• not to diminish existing workers and trade union rights and further development of labour and social standards
  • to respect in full the precautionary principle 

Concerning digital advancement, in particular on posting of workers notifications, we urge the Commission to develop digital solutions that primarily serve to improve the monitoring, enforcement of applicable rules and compliance by business. Those rules should deliver for workers and business in setting a level playing field to avoid social dumping, exploiting workers by circumventing national and EU labour and social security rules.

Business interests cannot be put on an equal footing with the general interest, which includes the interests of workers, citizens, consumers and the environment. A Union that only serves the few will not earn the support of the many. Making sweeping assumptions about EU law as being costly and burdensome for business and people only feeds the arguments of Eurosceptics.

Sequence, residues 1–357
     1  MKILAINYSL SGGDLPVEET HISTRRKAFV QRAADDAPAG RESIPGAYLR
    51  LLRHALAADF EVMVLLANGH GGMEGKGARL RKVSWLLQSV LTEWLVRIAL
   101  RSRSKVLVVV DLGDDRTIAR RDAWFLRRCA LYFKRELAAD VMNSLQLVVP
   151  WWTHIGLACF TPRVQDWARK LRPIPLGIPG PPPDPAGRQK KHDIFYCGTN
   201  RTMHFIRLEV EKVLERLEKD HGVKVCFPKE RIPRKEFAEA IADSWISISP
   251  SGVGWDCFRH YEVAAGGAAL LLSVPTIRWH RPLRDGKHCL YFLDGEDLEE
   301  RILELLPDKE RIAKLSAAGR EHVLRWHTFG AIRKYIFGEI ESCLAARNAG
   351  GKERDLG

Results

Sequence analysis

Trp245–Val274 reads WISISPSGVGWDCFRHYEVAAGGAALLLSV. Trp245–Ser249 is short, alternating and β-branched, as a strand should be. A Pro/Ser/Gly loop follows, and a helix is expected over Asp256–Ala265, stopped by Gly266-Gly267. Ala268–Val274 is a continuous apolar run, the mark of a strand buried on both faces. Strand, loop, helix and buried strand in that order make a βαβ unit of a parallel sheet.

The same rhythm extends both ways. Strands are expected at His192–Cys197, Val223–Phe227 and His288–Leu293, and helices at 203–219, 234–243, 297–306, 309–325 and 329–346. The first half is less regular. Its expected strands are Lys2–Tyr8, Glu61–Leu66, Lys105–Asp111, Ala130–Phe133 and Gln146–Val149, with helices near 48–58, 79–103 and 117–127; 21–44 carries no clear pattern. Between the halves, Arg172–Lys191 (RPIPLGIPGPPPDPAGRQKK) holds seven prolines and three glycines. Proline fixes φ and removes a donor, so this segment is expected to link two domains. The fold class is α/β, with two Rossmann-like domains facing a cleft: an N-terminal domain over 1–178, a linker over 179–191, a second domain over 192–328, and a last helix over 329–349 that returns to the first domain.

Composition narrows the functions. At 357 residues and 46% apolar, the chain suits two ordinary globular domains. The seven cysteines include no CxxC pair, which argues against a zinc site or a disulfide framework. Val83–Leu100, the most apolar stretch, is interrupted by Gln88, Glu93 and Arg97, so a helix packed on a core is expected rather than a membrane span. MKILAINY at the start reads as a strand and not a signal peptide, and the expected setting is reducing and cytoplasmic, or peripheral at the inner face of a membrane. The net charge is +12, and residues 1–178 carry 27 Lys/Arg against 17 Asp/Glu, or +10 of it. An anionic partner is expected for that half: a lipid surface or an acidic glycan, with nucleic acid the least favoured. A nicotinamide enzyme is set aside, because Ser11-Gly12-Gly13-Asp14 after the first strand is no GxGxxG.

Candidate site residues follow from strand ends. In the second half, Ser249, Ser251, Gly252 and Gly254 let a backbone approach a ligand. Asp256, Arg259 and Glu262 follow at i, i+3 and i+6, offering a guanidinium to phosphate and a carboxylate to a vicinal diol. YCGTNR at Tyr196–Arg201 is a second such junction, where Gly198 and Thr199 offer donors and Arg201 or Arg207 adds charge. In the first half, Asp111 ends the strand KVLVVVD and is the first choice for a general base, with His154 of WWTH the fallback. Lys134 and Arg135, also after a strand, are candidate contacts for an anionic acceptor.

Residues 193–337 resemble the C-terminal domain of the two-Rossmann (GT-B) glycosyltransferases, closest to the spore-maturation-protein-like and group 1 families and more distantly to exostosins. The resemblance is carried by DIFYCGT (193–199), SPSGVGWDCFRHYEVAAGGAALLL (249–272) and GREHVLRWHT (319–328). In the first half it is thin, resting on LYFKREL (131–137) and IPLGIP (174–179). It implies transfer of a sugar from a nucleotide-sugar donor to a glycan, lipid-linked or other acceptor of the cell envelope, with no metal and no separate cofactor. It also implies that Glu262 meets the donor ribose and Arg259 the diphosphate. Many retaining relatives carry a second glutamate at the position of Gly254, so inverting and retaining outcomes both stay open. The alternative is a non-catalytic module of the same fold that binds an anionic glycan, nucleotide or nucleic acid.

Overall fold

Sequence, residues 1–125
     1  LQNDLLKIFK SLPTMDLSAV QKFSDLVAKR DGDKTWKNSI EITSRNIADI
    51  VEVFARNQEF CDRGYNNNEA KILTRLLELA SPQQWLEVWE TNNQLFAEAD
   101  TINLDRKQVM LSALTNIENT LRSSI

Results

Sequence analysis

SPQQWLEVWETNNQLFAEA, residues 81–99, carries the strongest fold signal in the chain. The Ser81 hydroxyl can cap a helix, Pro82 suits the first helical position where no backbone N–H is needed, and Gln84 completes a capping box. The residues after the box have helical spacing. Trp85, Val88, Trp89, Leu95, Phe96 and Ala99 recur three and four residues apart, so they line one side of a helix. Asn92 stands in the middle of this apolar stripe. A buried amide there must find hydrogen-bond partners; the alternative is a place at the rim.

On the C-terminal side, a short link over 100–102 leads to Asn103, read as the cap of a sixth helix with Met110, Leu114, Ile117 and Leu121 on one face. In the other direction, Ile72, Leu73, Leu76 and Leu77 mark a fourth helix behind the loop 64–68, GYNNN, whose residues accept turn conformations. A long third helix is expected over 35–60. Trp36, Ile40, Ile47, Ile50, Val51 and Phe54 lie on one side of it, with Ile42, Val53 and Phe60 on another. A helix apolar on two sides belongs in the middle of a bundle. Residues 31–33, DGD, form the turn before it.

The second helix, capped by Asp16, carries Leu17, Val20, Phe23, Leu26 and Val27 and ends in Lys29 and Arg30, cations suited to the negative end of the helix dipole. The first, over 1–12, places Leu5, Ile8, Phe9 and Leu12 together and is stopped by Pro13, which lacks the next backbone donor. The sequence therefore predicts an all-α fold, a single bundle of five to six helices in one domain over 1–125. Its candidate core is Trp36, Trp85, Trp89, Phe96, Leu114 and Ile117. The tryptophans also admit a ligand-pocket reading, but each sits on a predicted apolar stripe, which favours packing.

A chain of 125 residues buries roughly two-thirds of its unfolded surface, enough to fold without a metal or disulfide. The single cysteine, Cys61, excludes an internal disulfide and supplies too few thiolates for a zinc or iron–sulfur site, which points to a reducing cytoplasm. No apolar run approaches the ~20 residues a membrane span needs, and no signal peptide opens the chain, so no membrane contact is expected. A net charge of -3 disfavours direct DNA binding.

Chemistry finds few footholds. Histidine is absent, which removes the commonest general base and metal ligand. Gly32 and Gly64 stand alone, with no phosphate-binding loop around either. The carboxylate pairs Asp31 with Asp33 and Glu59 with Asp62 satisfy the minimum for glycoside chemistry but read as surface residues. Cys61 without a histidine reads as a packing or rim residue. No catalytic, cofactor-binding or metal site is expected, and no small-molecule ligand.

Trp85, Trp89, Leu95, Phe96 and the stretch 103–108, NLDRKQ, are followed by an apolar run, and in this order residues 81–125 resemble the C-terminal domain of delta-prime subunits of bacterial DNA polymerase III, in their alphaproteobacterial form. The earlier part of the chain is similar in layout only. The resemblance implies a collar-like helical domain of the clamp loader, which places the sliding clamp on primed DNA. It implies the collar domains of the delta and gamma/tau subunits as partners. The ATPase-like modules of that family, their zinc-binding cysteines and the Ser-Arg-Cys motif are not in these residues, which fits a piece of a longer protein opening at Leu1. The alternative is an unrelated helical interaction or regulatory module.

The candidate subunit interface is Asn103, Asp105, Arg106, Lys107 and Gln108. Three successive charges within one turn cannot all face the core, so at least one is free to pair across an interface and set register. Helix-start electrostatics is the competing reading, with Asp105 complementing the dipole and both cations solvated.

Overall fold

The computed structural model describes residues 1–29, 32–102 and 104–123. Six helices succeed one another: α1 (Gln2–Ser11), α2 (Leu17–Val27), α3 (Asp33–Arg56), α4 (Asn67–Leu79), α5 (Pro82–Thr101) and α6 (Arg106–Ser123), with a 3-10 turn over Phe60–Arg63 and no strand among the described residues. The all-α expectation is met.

Competitiveness should be built on robust social or environmental standards and proper enforcement of the law, to avoid a race to the bottom. In fact, unfair competition constitutes one of the greatest obstacles to genuine competitiveness, including for SMEs. Simpler rules are not necessarily easier to apply or cheaper to monitor. Ultimately, less could mean more bureaucracy, poorer quality, less predictability, unfair competition, and ineffective enforcement.

We urge the Commission to shape the market so that it contributes to delivering on the EU fundamental objective of a social market economy, characterised by sustainable development and social progress. Innovation must not take place at the expense of precaution.

 In the wake of the recent European Commission’ action in support of the gold-plating narrative for the transposition of the public country-by-country reporting Directive, we reaffirm that the constant improvement of living and working conditions not only requires that the EU acquis be maintained and advanced, but also that minimum standards are not turned into de facto maximum standards